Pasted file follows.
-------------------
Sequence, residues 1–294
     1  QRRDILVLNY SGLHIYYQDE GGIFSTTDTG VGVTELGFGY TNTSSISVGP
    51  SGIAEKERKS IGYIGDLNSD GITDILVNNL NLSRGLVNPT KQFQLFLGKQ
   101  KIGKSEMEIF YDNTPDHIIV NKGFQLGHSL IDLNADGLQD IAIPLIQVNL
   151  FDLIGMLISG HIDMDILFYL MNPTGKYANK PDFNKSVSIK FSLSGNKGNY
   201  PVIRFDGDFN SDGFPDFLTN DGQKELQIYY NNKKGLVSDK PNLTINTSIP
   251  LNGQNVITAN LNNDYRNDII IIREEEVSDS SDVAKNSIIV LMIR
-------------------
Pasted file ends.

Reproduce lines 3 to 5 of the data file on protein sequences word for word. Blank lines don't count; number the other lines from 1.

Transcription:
    51  SGIAEKERKS IGYIGDLNSD GITDILVNNL NLSRGLVNPT KQFQLFLGKQ
   101  KIGKSEMEIF YDNTPDHIIV NKGFQLGHSL IDLNADGLQD IAIPLIQVNL
   151  FDLIGMLISG HIDMDILFYL MNPTGKYANK PDFNKSVSIK FSLSGNKGNY